Zeiss is known for both their modern and vintage glass and B-Speeds are certainly part of that discussion.
As Matt Duclos of Duclos lenses said it best:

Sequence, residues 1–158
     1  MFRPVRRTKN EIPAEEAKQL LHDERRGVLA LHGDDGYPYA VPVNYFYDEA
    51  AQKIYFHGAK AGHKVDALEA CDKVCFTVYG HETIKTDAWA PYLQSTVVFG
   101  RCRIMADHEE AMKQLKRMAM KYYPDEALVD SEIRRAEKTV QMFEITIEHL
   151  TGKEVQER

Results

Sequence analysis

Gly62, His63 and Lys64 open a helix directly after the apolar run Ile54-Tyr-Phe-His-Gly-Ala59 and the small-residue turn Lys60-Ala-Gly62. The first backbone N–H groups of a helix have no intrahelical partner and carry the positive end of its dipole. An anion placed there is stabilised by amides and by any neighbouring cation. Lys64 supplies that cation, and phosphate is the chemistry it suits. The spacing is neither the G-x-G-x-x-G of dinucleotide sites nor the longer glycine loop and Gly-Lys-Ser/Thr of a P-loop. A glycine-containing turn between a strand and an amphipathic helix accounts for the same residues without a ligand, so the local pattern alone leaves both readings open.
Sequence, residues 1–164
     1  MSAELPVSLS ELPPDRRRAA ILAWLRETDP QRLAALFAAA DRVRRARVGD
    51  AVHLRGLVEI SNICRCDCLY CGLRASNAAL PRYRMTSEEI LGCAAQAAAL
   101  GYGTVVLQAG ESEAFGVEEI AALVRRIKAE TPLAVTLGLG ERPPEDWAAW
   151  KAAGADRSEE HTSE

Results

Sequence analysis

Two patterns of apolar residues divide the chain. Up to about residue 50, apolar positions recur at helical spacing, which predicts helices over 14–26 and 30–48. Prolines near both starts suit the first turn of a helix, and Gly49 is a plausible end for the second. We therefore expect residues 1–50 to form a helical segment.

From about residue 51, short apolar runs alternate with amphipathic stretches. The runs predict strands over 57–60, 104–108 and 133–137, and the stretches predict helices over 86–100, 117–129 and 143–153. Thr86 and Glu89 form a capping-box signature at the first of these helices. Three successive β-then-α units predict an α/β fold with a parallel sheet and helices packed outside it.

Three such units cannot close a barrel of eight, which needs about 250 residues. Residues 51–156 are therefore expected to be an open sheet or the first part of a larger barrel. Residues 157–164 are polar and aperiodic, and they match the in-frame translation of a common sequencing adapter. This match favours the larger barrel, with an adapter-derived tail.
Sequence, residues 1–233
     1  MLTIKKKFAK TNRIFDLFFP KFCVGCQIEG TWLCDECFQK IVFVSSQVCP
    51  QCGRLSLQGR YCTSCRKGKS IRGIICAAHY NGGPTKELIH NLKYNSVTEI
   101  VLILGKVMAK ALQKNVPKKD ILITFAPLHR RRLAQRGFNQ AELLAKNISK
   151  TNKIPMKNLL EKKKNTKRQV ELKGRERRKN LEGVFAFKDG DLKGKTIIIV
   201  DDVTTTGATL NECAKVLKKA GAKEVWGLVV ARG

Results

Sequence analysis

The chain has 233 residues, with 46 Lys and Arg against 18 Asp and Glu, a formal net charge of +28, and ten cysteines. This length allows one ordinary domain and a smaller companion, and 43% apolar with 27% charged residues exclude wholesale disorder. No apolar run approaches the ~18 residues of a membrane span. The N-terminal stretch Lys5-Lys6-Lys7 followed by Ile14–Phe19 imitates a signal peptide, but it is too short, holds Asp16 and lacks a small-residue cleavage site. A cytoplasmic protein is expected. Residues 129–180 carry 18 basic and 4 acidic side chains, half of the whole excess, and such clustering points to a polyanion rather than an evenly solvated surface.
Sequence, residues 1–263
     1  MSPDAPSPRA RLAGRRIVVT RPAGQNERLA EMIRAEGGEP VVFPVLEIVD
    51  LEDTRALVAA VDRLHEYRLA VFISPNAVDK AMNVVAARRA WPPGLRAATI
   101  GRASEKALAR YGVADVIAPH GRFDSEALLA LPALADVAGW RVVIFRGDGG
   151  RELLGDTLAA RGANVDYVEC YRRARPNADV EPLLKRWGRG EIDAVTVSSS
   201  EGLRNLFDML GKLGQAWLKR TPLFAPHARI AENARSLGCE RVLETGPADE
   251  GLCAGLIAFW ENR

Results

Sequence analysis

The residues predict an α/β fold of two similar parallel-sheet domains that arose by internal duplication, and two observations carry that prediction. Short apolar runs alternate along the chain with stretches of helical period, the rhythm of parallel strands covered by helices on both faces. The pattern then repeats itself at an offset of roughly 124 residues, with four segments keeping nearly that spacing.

"The B-Speeds were first introduced in the mid 70’s as some of the fastest prime lenses you could purchase. The set consisted of an 18mm, 25mm, 35mm, 50mm, and 85mm. The B-Speed name comes from the fact that they were originally shipped from the factory in an Arri Bayonet Mount (B-Mount). The lenses had a maximum aperture of T1.4. Note that the front engraving on these classic primes will show a number that is NOT a T-stop rating, but rather an f/stop – hence the “1:1.2, 1:1.3, or 1:1.4” engraving. The /f stop was the theoretical aperture of the lens, factorable, as it were – whereas the T-stop markings on the iris ring were the actual measurable light being passed through the lens, onto the film. Speed aside, one of the most defining features of the B-Speeds is their triangular iris configuration. Despite the lenses have a 9-bladed diaphragm, the shape produced is a unique, unmistakable triangle. Wide-open, the lenses produced beautiful round bokeh, but as soon as you stop down… Triangle bokeh!"